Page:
The Daily Show is Lewis Black’s most prominent gig, but there’s a lot more to the perpetually exasperated comedian than just spouting steam on TV. He also indignantly lets loose as an author (in books like 2008’s religion-skewering Me Of Little Faith), a stand-up (2006’s The Carnegie Hall Performance nabbed a Best Comedy Album Grammy), and a prolific playwright. (The Deal was adapted into a short film in 1998, and subsequently picked up by the Sundance Channel.) Still, not everyone can be angry 365 days a year. With a tour date scheduled for Meyerhoff Symphony Hall in Baltimore on Feb. 19—less than a week after Valentine’s Day—Black talked to The A.V. Club about the things that will always make his heart swell, like golfing and Ron Jeremy’s penis.
The A.V. Club: What will you always love?
Lewis Black: Oh boy. This is going to be an exhausting interview. Things I love? Like puppy dogs? I like wine. Red wine, white wine, people whining. I like all kinds of wine. I like, uh—can I tell you about what I don’t like, first, so I can get rid of that?
LB: Look, the thing that I’ve found as I’ve grown older over time, and it’s always amazing to me that we don’t fix any of this—I’m writing a book, right, about the holidays. About Thanksgiving through Christmas and all of that stuff and New Year’s—why have we jammed all of the parties in between the 25th, 26th of November and January 1st, and the rest of the year is a barren landscape? It’s madness! Can you take some of these parties out and move them? And then idiots have this, “Well this is the 12th year of my Christmas party.” Stop it! Stop it. Why don’t you have a party in late March, when there’s nothing? Nothing at all!
What I find most disturbing about Valentine’s Day is, look, I get that you have to have a holiday of love, but in the height of flu season, it makes no sense. Also, we just gave gifts out, right? In December, okay? So now, six weeks later, I’m supposed to find something really special? Fuck you. Go fuck yourself. I’ll find you something special, maybe, in—what about July? What about early September? It’s beyond belief to me. The whole Valentine’s thing is fine, but you don’t back it up right next to the biggest gift-giving holiday of the year. Unbelievable. And we find it acceptable.
LB: Now, back to things I like. I like playing golf, and that’s really just stupid. I know it’s stupid.
AVC: At a show in Joliet a couple years back, you did 15 to 20 minutes of material on golf.
LB: Yeah, I did about 20 minutes on golf. By the end, by the time I finished lacerating the sport, it was up to 20 minutes. I’ll tell you what I really do like about it is that—my brain has a tendency, as most people’s, you end up thinking, and you’re thinking too much and you’re thinking too much. And golf, you still think too much, but you’re thinking about nothing. It really reduces it to a ball and “My body should be doing this.” It takes you totally out of the world. You completely escape whatever it is that bothers you, and replace it with something that is totally ludicrous.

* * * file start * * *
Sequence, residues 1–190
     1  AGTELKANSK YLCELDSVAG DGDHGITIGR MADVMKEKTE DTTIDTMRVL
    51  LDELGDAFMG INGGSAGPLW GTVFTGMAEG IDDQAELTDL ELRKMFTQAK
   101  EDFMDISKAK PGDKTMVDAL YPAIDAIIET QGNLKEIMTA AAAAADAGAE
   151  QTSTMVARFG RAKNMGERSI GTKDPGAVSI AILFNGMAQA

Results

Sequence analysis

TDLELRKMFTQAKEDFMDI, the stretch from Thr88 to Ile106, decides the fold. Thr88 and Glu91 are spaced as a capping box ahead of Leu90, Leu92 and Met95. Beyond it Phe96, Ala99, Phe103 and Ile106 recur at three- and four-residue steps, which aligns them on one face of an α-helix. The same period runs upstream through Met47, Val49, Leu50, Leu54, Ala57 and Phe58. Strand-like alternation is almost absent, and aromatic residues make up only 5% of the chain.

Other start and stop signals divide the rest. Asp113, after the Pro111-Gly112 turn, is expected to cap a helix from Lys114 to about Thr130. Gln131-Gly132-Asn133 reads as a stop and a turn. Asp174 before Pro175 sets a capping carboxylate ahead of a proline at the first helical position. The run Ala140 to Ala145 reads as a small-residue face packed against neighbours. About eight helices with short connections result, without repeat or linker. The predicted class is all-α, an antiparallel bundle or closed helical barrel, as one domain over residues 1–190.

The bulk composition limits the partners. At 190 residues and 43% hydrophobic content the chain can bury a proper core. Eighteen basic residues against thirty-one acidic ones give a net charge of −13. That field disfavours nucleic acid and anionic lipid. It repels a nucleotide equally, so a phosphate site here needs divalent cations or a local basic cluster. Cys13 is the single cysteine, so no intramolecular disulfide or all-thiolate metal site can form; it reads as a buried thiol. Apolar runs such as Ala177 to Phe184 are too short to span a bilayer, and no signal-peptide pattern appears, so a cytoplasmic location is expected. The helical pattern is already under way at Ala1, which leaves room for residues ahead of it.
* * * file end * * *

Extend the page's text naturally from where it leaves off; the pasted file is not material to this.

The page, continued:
AVC: Did you always play golf, or is this something you got into recently?
LB: I started playing golf when I was a kid, because across the street from where we lived there was a little nine-hole golf course where my father worked. It was like nothing to play there. It was back when golf was—even if golf never was a people’s sport—there were public golf courses like that one. It was great, because nobody was ever on it. Nobody was playing the game.
AVC: Were you playing regular golf or mini-golf?
LB: I played a little mini-golf, but really it started there. The reason I liked going there was that nobody would bother me. It was the one place I would go and nobody would go there. It was the one place I could get away from everything. That was really what led me to playing golf. Now, of course, it’s totally different, but back then it was great. It was that or the bathroom.
AVC: Just to get some peace and quiet?
LB: Just to get some quiet.
AVC: Is it different now? Do people bother you now out on the course?
LB: Well, now you play with people, and they see you. I could delude myself by myself that I was good at this. When you’re by yourself, you can create a whole mythology. If you’re with other people, the mythology’s completely not going to work.
AVC: Well you still have the bathroom, right?
LB: Yeah, I still do. [Laughs.] One of the worst golf stories I can possibly ever tell you: I do a thing each year for the Cystic Fibrosis Foundation. They have a major golf tournament. Three or four days, and they raise a lot of money during that time for the foundation. Every year I’m kind of like the host and MC for the tournament. We play it in different spots in the country. There was a young girl who was a very, very good golfer, who had CF. We were playing along, and I had to go to the bathroom, and there was a line to get in the men’s room, and they said, “Oh, just go in the women’s room.”
So I go in the women’s room, and I sit down, and then as I’m sitting there, the poor girl opens the door, and I’m there, sitting on the can. She shrieked like nothing I’ve ever heard. And I—you know, you’ve got this poor girl with this horrific disease, and now me. It was one of the worst things—it is the worst thing that’s ever happened on a golf course. I thought, “This girl doesn’t need this. She could never look at me again.” It was a horrifying moment in time.
AVC: And worse, now you no longer have the bathroom as a sanctuary.
AVC: That’s always in the back of people’s heads—it’s a fear everyone has. “Oh, that hasn’t happened to me, but it could.”
LB: Oh, it will.
AVC: It will?
LB: It will. Now that you know it’s possible.